Khantzian, E. J. (1985). The self-medication hypothesis of addictive disorders: Focus on heroin and cocaine dependence. The American Journal of Psychiatry, 142(11), 1259–1264. doi: 10.1176/ajp.142.11.1259
Lussier, J., Heil, S., Mongeon, J., Badger, G., & Higgins, S. (2006). A meta-analysis of voucher-based reinforcement therapy for substance use disorders. Addiction, 101(2), 192-203. doi: 10.1111/j.1360-0443.2006.01311.x
Magill, M., & Ray, L. A. (2009). Cognitive-behavioral treatment with adult alcohol and illicit drug users: A meta-analysis of randomized controlled trials. Journal of Studies on Alcohol and Drugs, 70(4), 516–527.
Marlatt, G. A., & George, W. H. (1984) Relapse prevention: Introduction and overview of the model. British Journal of Addiction, 79, 261-273.
Marlatt, G. A. (1985). Relapse prevention: Theoretical rationale and overview of the model. In G. A. Marlatt & J. R. Gordon (Eds.), Relapse prevention (pp. 250–280). New York: Guilford Press.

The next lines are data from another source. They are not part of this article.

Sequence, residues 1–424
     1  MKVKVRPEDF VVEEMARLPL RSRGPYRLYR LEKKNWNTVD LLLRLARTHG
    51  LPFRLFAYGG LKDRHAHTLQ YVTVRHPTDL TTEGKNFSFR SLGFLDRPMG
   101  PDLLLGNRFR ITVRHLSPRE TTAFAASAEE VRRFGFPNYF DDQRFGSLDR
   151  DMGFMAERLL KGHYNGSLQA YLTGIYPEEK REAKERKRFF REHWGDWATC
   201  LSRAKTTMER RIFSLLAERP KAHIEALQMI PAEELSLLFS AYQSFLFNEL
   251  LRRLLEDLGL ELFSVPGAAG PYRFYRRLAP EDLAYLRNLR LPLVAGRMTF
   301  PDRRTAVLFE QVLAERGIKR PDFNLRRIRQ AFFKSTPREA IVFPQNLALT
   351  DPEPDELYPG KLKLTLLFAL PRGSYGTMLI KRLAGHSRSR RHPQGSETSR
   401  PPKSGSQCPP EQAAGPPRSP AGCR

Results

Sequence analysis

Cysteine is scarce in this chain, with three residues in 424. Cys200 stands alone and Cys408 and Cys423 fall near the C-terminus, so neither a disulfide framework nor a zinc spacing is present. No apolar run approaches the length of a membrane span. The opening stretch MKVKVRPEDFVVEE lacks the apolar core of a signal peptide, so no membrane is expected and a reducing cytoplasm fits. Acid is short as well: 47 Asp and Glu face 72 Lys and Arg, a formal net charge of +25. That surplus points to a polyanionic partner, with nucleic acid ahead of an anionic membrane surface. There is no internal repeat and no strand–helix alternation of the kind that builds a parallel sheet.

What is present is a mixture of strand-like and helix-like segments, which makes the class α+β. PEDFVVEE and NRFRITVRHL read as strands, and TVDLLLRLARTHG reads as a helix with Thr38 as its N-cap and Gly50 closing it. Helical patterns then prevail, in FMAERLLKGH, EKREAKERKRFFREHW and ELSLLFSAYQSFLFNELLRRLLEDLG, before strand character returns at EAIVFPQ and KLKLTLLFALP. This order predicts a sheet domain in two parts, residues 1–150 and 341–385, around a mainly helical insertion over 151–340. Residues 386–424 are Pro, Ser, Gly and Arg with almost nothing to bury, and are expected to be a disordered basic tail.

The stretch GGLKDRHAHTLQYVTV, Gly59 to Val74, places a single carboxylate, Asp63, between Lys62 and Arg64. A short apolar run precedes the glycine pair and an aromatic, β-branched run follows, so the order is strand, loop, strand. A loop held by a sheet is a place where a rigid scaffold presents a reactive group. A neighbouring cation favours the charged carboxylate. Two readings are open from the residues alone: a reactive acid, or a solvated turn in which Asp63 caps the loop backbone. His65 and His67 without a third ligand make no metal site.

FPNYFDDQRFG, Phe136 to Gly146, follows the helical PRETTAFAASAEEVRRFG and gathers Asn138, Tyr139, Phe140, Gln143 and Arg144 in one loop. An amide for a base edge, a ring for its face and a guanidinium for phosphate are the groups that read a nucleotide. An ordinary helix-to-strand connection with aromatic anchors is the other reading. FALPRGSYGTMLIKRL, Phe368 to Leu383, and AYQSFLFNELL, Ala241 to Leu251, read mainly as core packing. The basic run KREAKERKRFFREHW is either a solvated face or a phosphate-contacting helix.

McHugh, R. K., Hearon, B. A., & Otto, M. W. (2010). Cognitive-behavioral therapy for substance use disorders. The Psychiatric Clinics of North America, 33(3), 511–525. doi: 10.1016/j.psc.2010.04.012
McKay, J. R. (2009). Special article: Continuing care research: What we have learned and where we are going. Journal of Substance Abuse Treatment, 36, 131-145. doi: 10.1016/j.jsat.2008.10.004
McLellan, A. T., Lewis, D. C., O’Brien, C. P., & Kleber, H. D. (2000). Drug Dependence, a Chronic Medical Illness: Implications for Treatment, Insurance, and Outcomes Evaluation. JAMA, The Journal Of The American Medical Association, (13), 1689-1695.